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In Missouri, marijuana legalization is just the beginning of policy work


After recreational marijuana became legal in Missouri some lawmakers saw an opportunity, while others saw problems.

Recreational marijuana was legalized through an initiative petition, which means it was filed by citizens who gathered signatures -- not a politician -- and voted on by the general public.

At least 40 bills have been filed this year on marijuana law and policy. The bills being filed in the Missouri House of Representatives and Senate will have to pass through both chambers and be signed by the governor before they can be law. Regular Missouri residents won't get a chance to vote on them.

Marijuana on college campuses

Freshman Rep. Adrian Plank (D-Columbia) filed four bills on recreational marijuana. One of the bills deals with the release of people in prison for low-level marijuana crimes. Expungement is a big part of Amendment 3, which legalized recreational marijuana last November.

“I thought it was necessary for them to be able to advocate for themselves so they could petition the courts to get them out of jail," Plank said.

The four bills filed by Rep. Adrian Plank (D-Columbia) splayed across his desk.

Another one of Plank's bills would make it legal for people to use marijuana products on public university campuses.

“The University of Missouri has said that they don’t want any marijuana on campus," Plank said. "I get it, I guess. The problem with that is when you’re talking about medical. You know, you don’t tell people not to bring their ibuprofen on campus.”

But the University of Missouri follows federal law, not state law when it comes to marijuana use on campus. MU and other public universities are subject to two laws called The Drug Free Schools and Communities Act and The Drug Free Workplaces Act. These laws list marijuana among prohibited drugs for both schools and workplaces. If the university breaks these laws, it could face serious consequences.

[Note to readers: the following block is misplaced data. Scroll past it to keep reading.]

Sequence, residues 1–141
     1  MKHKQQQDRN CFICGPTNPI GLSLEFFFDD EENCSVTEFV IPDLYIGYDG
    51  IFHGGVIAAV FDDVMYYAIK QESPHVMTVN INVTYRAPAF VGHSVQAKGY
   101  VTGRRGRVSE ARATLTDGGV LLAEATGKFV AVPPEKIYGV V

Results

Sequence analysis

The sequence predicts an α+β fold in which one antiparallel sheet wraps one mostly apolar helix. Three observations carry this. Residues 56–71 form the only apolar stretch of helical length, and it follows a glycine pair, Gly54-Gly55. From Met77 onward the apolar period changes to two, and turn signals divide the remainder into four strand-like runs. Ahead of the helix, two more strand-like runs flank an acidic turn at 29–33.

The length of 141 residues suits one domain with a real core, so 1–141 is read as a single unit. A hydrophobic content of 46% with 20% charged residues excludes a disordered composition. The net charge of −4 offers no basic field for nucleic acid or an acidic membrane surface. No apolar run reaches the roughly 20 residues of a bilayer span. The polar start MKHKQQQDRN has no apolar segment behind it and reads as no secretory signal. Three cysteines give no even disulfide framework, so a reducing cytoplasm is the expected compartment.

"Should we violate that, we could be subjected to significant fines that could impact student financial aid," said University of Missouri spokesman Christian Basi.

Open containers in cars

Rep. Kent Haden (R-Mexico) is not a fan of Amendment 3. He said Republicans are generally against the amendment because it "tries to write the law itself."

Republican lawmakers worked last year to get their own legalization bill passed before Amendment 3 could make the ballot but failed.

"That’s why they took it to a constitutional amendment because it never could pass the House," Haden said.

Rep. Kent Haden's (R-Mexico) bill and an example of air-tight marijuana containers.

Haden introduced a bill that would require people to keep marijuana in air-tight containers while in cars. He said he came up with this bill after meeting with the Callaway County and Audrain County sheriffs. They were worried about people driving while under the influence.

"Before it'd be a car to two, now it's 10 or 15 cars all the time," Haden said.

The Audrain County sheriff, in particular, was worried about drug dogs picking up on the marijuana scent, Haden said.

Likelihood of becoming law

These laws face different challenges than Amendment 3 did. While the amendment was passed through a popular vote of regular Missourians, these bills have to go through committee hearings, debates and be voted on favorably by both chambers of the Missouri legislature.

Haden is worried about being able to pass a bill that fits into the long amendment.

“The way it’s written, you know, there should be no interference by legislatures, so is public safety interference?” Haden said.

Plank, however, thinks that shouldn't be a problem.

“You can do those bills as an initiative petition process and still make those changes, so I think that’s what I’m doing,” Plank said.

However, Plank acknowledges that he faces different challenges than Haden because of their ever-dueling parties.

“Our strategies are different being as we’re in the minority," Plank said.

Although marijuana has been a popular topic in previous years, other issues have dominated this year's legislative session. These bills have yet to be scheduled for hearings. However, the session is only about halfway through, and there is still much more to come.

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Hannah Falcon

Hannah joined the ABC 17 News Team from Houston, Texas, in June 2021. She graduated from Texas A&M University. She was editor of her school newspaper and interned with KPRC in Houston. Hannah also spent a semester in Washington, D.C., and loves political reporting.


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